My fiance in a runner (a hottie runner none-the-less) and a couple of months ago I made a hearty attempt at running so we could enjoy the activity together and I could burn off my daily intake of chocolate and cookies.
However, it turns out that I am a really, really crappy runner. I mean crappy if you consider barely running a lap, almost passing out, running to the grass to vomit, moaning in agony and pain crappy?
Ugh. It was bad and while I've tried to stick with it (sort of) and push my body through this grooling, killer of an excersize, I 've seen little progress. GQ tells me it's all mental and I need to just tell myself mentally, "I love to run", but when he tells me this I just want to mentally slap him. So I'm thinking I will be sitting on the sidelines watching a lot of his races probably eating a cookie...or two!
Anyway, I admire people who run. I really do. I can see how it can be freeing and exhilerating and it's an amazing workout. So this story really impressed me about a blind kid/pre-teen runner who does actually get off his rear-end and excersize (unlike many teenagers...and adults...today). Fun story, you should totally read it below. Although it did make me feel really fat and super lazy! :(
Maarten has logged more than 1,300 miles since July 2009, sometimes on a track but mostly on a treadmill at home.
That's a pretty good accomplishment for most of us - and an especially impressive achievement considering that the fifth-grader is blind.
As his father, Kurt, says: "A couple of years ago, we realized that Maarten's blindness was keeping him from being as physically active as kids his age should be. We started taking him to the Northwest YMCA, where he could work out on the elliptical machine and burn off some of his excess energy. Then we got a treadmill at home. Now Maarten runs about 40 minutes a day after school and even up to an hour on Saturdays."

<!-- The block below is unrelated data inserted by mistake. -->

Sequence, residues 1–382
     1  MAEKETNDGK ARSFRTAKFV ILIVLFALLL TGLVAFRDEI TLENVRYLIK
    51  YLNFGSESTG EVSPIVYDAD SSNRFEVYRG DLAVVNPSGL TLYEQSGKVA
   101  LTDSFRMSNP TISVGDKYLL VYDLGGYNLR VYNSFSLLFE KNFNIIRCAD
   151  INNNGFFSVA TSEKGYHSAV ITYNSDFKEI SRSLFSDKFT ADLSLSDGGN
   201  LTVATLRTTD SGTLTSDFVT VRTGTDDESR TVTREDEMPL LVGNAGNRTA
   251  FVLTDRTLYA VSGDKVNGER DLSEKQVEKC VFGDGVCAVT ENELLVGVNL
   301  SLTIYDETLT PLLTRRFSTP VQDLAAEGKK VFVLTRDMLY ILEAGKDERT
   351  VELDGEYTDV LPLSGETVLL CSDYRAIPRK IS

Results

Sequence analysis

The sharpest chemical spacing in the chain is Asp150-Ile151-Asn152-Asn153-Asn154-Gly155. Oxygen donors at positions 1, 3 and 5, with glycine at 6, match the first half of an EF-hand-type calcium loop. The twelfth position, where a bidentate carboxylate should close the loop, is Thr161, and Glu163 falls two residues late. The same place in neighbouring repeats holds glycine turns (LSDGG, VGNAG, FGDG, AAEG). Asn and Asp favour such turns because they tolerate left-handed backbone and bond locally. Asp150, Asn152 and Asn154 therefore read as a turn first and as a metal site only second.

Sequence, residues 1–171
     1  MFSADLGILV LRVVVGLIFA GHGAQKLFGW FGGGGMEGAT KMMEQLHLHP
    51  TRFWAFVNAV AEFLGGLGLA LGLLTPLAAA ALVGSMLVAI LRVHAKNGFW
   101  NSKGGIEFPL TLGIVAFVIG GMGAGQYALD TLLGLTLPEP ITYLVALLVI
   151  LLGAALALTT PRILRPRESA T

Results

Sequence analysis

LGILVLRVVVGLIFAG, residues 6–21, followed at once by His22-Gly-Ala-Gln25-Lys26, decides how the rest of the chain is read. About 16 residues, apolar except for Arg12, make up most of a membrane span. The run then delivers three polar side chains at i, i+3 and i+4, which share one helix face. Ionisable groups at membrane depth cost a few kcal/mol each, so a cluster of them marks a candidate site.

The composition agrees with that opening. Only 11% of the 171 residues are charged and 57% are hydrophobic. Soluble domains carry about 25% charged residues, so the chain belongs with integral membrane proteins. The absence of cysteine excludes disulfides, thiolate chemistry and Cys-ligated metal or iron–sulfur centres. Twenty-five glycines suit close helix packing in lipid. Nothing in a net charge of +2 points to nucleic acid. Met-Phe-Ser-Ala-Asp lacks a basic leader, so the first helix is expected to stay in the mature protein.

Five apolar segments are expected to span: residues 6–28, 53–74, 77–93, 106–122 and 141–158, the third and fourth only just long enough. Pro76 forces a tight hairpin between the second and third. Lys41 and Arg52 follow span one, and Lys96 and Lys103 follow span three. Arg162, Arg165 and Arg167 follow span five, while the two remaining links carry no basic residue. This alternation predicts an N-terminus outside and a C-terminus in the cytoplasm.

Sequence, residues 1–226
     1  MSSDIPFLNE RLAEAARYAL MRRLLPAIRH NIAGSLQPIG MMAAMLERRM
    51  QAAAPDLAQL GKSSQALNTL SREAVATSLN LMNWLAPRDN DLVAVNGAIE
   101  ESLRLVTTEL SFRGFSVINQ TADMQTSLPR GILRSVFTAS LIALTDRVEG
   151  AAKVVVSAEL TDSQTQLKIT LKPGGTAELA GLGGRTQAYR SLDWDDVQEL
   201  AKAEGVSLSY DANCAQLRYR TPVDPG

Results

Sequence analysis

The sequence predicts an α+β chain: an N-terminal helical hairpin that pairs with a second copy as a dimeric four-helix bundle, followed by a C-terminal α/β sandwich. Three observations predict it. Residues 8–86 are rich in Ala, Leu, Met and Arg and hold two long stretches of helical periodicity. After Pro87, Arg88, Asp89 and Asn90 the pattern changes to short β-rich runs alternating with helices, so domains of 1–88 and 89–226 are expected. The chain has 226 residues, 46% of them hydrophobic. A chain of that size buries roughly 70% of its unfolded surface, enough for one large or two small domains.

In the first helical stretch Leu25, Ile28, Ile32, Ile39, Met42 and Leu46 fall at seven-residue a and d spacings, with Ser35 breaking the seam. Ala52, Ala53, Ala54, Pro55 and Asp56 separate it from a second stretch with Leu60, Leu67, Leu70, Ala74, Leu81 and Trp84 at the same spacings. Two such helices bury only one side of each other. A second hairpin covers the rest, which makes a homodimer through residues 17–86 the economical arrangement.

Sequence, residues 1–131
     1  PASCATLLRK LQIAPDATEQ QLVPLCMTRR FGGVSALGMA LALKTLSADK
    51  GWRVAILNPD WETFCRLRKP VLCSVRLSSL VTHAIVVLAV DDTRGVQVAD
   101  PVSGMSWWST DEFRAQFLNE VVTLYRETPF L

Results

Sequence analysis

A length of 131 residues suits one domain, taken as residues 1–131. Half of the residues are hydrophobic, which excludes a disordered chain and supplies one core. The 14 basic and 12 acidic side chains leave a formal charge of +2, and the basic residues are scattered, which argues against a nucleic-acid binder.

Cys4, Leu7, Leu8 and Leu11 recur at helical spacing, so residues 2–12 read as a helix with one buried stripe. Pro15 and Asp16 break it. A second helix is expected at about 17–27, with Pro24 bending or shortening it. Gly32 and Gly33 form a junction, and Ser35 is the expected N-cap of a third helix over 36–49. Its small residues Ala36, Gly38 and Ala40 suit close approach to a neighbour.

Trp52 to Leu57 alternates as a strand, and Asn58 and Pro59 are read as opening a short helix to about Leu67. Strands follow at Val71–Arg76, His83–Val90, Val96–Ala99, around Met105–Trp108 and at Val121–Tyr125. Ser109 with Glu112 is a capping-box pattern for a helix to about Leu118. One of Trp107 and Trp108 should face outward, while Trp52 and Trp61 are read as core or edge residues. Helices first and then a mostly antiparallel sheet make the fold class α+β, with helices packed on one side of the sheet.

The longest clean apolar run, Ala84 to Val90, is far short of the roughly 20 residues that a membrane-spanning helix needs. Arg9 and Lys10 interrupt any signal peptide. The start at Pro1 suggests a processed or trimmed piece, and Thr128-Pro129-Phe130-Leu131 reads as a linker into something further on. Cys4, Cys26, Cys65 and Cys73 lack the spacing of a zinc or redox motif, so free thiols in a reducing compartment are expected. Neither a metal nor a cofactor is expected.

While Maarten worked out at the Y, fitness trainer Otis Booker took an interest. "Otis is a former Army guy," Kurt said, "so he's quite the motivator."
Otis and Maarten still work out on a regular basis, even doing boot-camp-type exercises at a park.
Maarten and Kurt have run two races together (that's them in the picture), but the Get Moving Tucson 5K will be their first since last winter. "Get Moving fits well into our family schedule, since it's on a Saturday. Sunday is a needed break from running for Maarten and a day of rest for our family. The scenery of the 5K route plus being part of the Tucson Meet Yourself festival sounds pretty cool."
Kurt has no worries about the streetcar tracks along Congress Street and North Fourth Avenue. "We run together, attached by a cord that's about 4 feet long, so I'm pretty much right with him all the time. As his guide, I call out the things that might cause problems, and if need be, I'm there to grab his hand."
Still, don't think that the Schmidts are some sort of superfamily. As Kurt says: "I'm 48, so no spring chicken, but this has been a thrill for me. It's taken me back to my high school days, when I was a pretty decent runner, but I've got to admit that I'm not as dedicated as Maarten is."
Clearly, Maarten's story is a motivating one. I mean, once you know about Maarten's challenges, if you can't get off the couch and get out the door yourself, then there's not a whole lot that will motivate you. But isn't that the way life is? We all have our mundane challenges - running late from meeting to meeting, picking up the kids who are screaming, working a part-time job to make ends meet.
And some of us have some more earnest challenges: diabetes racks our region - nearly 10 percent of us have it. And about 30 percent of Arizonans are clinically obese. Want more? Cardiovascular disease is the leading cause of death in Arizona.
So what's the secret to solving some of these problems? It's simple: exercise. Get out the door and get moving. The Arizona Department of Health Services agrees: The State Strategic Plan for diabetes and heart disease says that leading a more active lifestyle can check these killers.
Maarten Schmidt and his father are excellent role models for all of us. Don't let life's troubles, small or large, keep you from giving yourself the gift of exercise. Go for a 15-minute walk. Run around the neighborhood. Join a softball team; shoot some hoops at the playground; join a gym or YMCA.
Do something - do anything. Just get moving, Tucson! (and Slate and Stylish Readers!)